The “Design and Gaming” profile is created at 140 cd/m2 brightness, D65 (6500K) white point and optimal gamma in sRGB mode.
We tested the accuracy of the display with 24 commonly used colors like light and dark human skin, blue sky, green grass, orange etc. You can check out the results at factory condition and also, with the “Design and Gaming” profile.
The next figure shows how well the display is able to reproduce really dark parts of an image, which is essential when watching movies or playing games in low ambient light.
The left side of the image represents the display with stock settings, while the right one is with the “Gaming and Web Design” profile activated. On the horizontal axis, you will find the grayscale and on the vertical axis – the luminance of the display. On the two graphs below you can easily check for yourself how your display handles the darkest nuances but keep in mind that this also depends on the settings of your current display, the calibration, the viewing angle and the surrounding light conditions.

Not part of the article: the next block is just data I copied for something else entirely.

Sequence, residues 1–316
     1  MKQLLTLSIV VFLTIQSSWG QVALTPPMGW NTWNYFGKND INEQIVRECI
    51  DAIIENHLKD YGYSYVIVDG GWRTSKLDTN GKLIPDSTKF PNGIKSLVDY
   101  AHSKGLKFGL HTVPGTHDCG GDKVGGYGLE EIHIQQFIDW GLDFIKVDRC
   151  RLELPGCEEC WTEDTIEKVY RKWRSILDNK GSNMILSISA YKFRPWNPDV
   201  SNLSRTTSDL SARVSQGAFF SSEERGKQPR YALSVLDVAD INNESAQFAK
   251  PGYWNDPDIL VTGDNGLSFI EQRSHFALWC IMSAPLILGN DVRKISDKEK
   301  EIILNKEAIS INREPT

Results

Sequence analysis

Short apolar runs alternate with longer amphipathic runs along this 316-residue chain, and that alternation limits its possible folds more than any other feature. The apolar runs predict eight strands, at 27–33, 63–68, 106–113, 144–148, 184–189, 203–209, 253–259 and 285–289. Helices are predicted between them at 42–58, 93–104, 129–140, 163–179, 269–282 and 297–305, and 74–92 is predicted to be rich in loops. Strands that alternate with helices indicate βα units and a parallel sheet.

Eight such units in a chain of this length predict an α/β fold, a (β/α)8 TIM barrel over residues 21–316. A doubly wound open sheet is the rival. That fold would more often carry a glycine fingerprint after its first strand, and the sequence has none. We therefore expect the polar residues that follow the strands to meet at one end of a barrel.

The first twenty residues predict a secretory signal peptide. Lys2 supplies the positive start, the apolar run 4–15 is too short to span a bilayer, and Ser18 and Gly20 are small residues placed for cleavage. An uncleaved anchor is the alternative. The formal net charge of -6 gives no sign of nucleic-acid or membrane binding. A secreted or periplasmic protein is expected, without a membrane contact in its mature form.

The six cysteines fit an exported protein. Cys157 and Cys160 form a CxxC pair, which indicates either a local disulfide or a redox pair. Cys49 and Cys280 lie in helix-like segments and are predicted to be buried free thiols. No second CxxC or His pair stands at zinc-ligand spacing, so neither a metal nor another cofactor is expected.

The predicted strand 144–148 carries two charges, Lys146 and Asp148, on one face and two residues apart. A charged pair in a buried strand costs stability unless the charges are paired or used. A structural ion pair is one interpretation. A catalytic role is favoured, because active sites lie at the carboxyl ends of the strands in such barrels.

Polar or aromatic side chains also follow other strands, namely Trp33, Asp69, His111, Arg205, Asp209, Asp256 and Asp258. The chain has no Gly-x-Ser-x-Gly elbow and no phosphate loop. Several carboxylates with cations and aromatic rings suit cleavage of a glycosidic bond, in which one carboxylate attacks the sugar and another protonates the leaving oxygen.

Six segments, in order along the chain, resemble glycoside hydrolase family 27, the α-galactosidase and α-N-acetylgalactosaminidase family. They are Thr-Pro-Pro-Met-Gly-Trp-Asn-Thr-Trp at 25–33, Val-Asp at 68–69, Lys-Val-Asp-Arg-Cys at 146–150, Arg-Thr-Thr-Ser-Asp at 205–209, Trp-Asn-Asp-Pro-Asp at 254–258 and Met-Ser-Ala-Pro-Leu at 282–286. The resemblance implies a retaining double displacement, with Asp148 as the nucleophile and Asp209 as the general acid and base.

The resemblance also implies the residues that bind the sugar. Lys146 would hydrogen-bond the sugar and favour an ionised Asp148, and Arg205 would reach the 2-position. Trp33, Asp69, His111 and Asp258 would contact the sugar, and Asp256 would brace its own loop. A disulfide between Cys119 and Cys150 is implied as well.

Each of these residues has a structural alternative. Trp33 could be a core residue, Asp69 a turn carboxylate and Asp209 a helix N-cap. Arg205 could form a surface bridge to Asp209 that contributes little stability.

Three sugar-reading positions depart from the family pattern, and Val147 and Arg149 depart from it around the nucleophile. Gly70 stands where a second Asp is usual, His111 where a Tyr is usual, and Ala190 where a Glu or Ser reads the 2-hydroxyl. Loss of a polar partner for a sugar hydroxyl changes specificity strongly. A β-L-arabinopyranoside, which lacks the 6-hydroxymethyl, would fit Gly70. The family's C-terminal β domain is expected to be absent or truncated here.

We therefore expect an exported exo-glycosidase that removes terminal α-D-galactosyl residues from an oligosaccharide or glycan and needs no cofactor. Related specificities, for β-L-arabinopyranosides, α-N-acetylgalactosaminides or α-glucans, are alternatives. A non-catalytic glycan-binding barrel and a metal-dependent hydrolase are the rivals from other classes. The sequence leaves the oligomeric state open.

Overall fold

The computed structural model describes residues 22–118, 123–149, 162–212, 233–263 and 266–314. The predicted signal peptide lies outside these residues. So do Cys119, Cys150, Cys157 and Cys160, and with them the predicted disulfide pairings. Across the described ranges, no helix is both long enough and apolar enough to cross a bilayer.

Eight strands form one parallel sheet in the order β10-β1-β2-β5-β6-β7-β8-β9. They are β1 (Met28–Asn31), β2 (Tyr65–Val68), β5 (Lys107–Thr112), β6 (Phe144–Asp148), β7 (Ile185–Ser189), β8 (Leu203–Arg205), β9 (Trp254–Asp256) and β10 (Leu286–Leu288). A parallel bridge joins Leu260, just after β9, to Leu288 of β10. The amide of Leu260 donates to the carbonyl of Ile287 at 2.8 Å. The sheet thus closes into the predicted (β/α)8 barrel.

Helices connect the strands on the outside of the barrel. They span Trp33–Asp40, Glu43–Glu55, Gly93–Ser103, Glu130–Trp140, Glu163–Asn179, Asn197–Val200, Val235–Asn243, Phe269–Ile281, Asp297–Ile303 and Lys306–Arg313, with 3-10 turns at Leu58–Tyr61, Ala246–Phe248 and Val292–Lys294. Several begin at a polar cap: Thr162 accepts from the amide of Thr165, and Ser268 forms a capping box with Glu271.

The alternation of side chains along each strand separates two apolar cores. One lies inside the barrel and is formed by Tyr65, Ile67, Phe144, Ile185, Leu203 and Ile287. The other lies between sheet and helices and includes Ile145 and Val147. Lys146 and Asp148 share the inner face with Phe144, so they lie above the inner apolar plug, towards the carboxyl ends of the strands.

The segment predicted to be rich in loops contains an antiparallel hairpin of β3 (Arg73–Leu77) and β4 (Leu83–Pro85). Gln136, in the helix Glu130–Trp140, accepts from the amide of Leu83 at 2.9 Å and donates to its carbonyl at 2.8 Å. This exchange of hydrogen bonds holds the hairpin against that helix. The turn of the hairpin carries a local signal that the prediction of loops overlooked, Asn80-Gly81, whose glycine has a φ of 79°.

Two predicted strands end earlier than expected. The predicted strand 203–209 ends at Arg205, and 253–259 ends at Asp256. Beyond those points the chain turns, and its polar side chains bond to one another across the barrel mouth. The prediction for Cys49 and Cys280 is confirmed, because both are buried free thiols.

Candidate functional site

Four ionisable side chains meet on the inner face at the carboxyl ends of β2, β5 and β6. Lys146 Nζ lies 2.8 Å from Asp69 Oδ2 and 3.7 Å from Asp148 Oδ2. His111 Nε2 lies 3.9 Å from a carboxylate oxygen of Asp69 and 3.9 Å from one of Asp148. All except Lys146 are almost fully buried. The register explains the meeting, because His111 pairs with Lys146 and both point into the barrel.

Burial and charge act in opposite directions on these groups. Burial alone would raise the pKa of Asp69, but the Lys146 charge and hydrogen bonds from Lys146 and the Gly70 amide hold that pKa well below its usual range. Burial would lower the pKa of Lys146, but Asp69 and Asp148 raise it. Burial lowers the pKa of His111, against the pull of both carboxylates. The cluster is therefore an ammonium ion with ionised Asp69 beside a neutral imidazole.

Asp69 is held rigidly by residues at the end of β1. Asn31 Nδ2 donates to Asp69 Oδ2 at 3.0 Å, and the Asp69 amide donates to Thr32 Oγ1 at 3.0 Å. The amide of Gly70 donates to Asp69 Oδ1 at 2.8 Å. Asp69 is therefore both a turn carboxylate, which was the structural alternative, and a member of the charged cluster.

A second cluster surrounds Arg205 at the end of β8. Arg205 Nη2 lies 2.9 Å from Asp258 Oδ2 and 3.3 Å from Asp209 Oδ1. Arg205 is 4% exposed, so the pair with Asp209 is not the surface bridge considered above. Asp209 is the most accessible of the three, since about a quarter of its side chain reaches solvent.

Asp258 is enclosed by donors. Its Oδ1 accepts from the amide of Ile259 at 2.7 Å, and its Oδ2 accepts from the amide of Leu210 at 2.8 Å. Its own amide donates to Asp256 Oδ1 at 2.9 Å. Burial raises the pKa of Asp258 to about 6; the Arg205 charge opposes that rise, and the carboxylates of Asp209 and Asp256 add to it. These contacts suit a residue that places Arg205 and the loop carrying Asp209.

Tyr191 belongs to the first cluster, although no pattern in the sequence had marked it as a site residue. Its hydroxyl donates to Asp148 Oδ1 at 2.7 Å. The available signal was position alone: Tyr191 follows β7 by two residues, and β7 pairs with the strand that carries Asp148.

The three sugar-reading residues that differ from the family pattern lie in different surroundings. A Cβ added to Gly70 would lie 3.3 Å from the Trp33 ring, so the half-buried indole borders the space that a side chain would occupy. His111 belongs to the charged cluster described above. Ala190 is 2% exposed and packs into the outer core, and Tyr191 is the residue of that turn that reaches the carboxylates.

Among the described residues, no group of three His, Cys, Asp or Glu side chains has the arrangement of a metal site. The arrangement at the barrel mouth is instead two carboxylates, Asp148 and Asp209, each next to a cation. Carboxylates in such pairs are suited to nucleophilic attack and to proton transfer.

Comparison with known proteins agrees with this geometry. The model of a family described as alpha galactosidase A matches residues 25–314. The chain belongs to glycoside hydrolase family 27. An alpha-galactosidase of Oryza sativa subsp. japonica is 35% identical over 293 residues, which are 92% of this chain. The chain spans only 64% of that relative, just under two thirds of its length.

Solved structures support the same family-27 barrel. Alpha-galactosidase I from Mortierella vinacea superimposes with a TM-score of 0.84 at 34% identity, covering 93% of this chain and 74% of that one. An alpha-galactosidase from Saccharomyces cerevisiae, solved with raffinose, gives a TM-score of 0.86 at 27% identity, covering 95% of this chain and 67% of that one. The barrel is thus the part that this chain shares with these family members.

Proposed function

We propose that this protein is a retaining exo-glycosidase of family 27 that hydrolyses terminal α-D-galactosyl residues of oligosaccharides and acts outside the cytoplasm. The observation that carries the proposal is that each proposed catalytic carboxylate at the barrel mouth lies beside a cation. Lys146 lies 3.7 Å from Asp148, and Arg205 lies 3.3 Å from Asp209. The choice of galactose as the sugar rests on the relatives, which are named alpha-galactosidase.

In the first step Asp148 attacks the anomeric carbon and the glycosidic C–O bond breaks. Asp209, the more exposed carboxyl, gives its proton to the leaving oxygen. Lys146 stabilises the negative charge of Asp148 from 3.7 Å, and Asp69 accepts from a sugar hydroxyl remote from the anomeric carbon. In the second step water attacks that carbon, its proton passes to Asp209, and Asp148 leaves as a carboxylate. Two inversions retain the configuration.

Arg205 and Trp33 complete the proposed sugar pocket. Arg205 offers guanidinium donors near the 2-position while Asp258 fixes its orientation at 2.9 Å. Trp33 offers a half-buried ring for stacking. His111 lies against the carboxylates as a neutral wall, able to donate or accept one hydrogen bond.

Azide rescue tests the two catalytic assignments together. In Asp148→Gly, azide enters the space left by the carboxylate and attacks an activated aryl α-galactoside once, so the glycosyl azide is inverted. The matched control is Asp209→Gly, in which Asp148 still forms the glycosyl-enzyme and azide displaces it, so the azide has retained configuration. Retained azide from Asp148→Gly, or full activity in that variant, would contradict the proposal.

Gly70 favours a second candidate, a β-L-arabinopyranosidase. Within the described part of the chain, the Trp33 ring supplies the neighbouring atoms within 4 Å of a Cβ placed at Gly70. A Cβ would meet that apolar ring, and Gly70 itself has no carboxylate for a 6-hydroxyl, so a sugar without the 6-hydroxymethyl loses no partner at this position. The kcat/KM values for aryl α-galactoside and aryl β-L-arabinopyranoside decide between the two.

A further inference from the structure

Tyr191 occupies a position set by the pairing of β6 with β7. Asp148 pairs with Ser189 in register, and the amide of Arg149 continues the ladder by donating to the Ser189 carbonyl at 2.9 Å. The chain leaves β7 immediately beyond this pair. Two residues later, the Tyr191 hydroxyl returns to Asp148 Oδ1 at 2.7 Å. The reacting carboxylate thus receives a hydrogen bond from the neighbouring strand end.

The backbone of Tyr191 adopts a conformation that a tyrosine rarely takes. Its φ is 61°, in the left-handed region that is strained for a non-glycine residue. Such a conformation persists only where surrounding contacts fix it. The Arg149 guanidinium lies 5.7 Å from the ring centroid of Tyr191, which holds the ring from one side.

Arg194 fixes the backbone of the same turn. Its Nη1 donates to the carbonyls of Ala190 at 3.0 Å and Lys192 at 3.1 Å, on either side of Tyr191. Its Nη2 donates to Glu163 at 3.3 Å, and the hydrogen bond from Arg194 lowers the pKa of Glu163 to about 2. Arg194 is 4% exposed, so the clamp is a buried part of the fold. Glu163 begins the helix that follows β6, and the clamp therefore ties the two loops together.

We test the reaction time of the pixels with the usual “black-to-white” and “white-to-black” method from 10% to 90% and reverse.
We recorded Fall Time + Rise Time = 22 ms.
PWM (Screen flickering)
Pulse-width modulation (PWM) is an easy way to control monitor brightness. When you lower the brightness, the light intensity of the backlight is not lowered, but instead turned off and on by the electronics with a frequency indistinguishable to the human eye. In these light impulses, the light/no-light time ratio varies, while brightness remains unchanged, which is harmful to your eyes. You can read more about that in our dedicated article on PWM.